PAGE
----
Austrian Economics + Whole Life Interview With Nelson Nash
From December 2011
Lara-Murphy Report: For the benefit of our readers who’ve never heard one of your seminars, can you explain how you discovered Austrian economics? Nelson Nash: It was back in the mid-50s. I had to go on active duty with the Air Force upon graduation from college. When those two years were up, I moved to Eastern North Carolina to begin my forestry career. By the way, I did not work for the government – Smoky Bear and In don’t see things exactly the same. I worked for private landowners by contract. I knew nothing about socialism, but, inherently I knew something was wrong about it. I also didn’t realize how much the ideas of socialism permeated the thought process of folks involved in forestry, so I came face-to-face with the mental paralysis that the monster creates in the human mind. I could not believe what I was witnessing! Why would anyone behave that way?
Why Dave Ramsey is Wrong About Whole life Insurance
From September. 2012
Radio talk show host Dave Ramsey has made a national name for himself guiding people out of debt. I occasionally listen to his show (Ramsey and I both live in Nashville), and I applaud much of what he tells his listeners. In particular, Ramsey stresses the importance of having a specific budget and communicating with one’s spouse about money. Furthermore, as a Christian, I also like that Ramsey ends each show by saying that ultimately, the only path to financial peace is to walk with the Prince of Peace. (Funny tidbit: I discovered months after attending that Ramsey and I actually went to the same church!) Unfortunately, as many readers of the Lara-Murphy Report know all too well, Dave Ramsey really has it out for whole life insurance. It’s not merely that he prefers term life. No, Ramsey is quite adamant that anybody buying a whole life policy is a fool, and anybody selling it to him is either a liar or an idiot. In this article I want to explain why Ramsey quite simply doesn't know what he’s talking about, when he criticizes whole life.
How Mutual Insurance Holding Companies Really Work Part II
From December 2013
We all know that long ago the Church condemned usury. As a result a special monetary device was conceived that allowed religious institutions to borrow great sums of money from the public without committing this sin. That peculiar financial instrument was the annuity. Its features worked so well that governments soon began using it too. In fact, in 1689, King Louis XIV of France used an annuity scheme devised by Lorenzo Tonti, a Neapolitan banker, to raise needed funds for the state. It was immensely successful and the plan was quite simple. Money was set aside yearly for the contributing participants. As participants died and their annuity obligation ceased, ever larger annuity amounts became available to the survivors. The longer one lived, the larger grew the annuity payout. Two centuries later, Henry B. Hyde, President of the Equitable Life Assurance Society of the United States, revived the use of this “tontine” concept and in doing so completely revolutionized the industry. This one apparatus made the life insurance companies in the United States the most powerful financial institutions in the world until the twentieth century when it was outlawed. In this article we will explore why, and what all this has to do with the “closed block” in a mutual insurance holding company (MIHC).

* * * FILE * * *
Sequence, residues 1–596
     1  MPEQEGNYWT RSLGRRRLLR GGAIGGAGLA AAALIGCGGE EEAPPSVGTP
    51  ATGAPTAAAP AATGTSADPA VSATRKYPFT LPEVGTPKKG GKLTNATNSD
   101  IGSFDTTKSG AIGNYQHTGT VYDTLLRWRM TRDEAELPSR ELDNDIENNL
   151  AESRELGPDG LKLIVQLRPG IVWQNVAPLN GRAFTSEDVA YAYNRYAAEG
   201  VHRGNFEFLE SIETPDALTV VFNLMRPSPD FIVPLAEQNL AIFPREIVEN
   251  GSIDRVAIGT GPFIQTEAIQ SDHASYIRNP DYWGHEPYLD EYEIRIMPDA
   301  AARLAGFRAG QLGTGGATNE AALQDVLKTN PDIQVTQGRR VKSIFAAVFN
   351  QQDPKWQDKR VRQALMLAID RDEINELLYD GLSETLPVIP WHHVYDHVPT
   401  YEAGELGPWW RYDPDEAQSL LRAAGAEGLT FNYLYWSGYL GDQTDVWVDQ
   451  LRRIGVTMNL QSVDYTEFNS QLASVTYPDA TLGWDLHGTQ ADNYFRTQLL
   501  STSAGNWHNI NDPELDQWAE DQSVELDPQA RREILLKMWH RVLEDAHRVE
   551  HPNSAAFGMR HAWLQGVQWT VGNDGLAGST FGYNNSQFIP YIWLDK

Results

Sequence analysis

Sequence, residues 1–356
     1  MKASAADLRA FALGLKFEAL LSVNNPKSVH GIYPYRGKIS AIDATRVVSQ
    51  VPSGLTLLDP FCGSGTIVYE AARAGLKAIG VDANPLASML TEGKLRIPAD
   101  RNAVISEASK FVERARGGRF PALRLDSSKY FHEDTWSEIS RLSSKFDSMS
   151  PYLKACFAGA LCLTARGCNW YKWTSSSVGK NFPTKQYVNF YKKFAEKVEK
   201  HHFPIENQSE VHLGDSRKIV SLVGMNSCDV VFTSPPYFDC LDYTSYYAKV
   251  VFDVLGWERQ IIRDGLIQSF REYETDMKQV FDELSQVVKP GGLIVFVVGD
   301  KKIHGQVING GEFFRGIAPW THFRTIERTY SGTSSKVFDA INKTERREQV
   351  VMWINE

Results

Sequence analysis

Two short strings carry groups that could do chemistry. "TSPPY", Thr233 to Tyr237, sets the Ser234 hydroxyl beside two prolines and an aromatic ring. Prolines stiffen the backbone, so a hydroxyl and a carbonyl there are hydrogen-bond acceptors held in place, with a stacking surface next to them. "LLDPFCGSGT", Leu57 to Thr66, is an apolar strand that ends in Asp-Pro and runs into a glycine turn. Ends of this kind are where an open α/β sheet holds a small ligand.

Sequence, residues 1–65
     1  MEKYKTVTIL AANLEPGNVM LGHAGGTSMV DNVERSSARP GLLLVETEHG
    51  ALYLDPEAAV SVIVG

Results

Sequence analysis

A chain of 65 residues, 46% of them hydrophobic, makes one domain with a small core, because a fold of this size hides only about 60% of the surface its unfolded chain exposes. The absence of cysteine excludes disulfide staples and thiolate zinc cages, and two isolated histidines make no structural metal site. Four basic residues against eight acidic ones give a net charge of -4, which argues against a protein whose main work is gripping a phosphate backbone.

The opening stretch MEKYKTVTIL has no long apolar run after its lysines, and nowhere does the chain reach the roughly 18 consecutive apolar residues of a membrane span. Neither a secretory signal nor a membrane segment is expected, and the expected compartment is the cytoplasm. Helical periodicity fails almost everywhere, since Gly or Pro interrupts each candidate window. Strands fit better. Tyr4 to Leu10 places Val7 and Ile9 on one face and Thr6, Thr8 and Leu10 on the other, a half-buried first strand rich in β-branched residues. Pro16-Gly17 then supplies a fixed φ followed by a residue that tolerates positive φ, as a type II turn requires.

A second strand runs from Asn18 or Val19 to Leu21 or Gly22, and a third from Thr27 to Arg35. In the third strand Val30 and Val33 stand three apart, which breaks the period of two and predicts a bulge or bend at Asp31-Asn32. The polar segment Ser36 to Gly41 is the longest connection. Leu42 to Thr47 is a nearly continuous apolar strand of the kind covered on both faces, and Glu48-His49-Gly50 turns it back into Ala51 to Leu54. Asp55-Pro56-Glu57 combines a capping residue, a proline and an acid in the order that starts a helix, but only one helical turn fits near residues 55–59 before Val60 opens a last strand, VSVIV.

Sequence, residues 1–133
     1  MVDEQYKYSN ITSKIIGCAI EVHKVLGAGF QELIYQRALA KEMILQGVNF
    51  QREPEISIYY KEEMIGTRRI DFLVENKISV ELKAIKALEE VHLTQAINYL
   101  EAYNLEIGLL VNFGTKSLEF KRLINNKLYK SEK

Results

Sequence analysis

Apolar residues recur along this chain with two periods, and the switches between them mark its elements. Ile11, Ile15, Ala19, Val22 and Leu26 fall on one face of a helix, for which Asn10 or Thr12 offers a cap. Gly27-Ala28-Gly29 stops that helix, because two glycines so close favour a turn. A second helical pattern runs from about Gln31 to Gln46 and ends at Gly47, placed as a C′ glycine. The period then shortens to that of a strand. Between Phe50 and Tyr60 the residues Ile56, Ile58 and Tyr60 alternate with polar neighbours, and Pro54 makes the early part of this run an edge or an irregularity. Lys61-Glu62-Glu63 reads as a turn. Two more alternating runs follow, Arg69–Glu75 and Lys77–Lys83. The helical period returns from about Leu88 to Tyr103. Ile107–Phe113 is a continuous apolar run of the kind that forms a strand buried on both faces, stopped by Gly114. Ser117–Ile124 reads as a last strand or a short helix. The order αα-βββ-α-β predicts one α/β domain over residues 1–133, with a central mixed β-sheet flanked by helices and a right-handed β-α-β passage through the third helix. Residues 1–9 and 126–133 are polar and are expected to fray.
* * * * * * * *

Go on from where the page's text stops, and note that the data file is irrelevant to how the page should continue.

How Mutual Insurance Holding Companies Really Work
From November, 2013
A mutual insurance company is an insurer that is owned 100% by its policyholders. Policyholders in a mutual are “contractual creditors” of the assets of the company. This means that a policyholder has ownership, membership, and contractual rights vested to them by state law. When a mutual insurance company demutualizes it converts completely to a stock company owned by shareholders. When this happens it loses its mutuality. A mutual insurance holding company (MIHC) is something altogether different— it’s a hybrid of sorts. It is not fully a mutual because the insurance company actually becomes a stock company too, but because of the holding company feature, it is able to retain its mutuality. the policyholder’s ownership, membership, and contractual rights are all still there in the MIHC structure, but they are now separated within the new “split” company.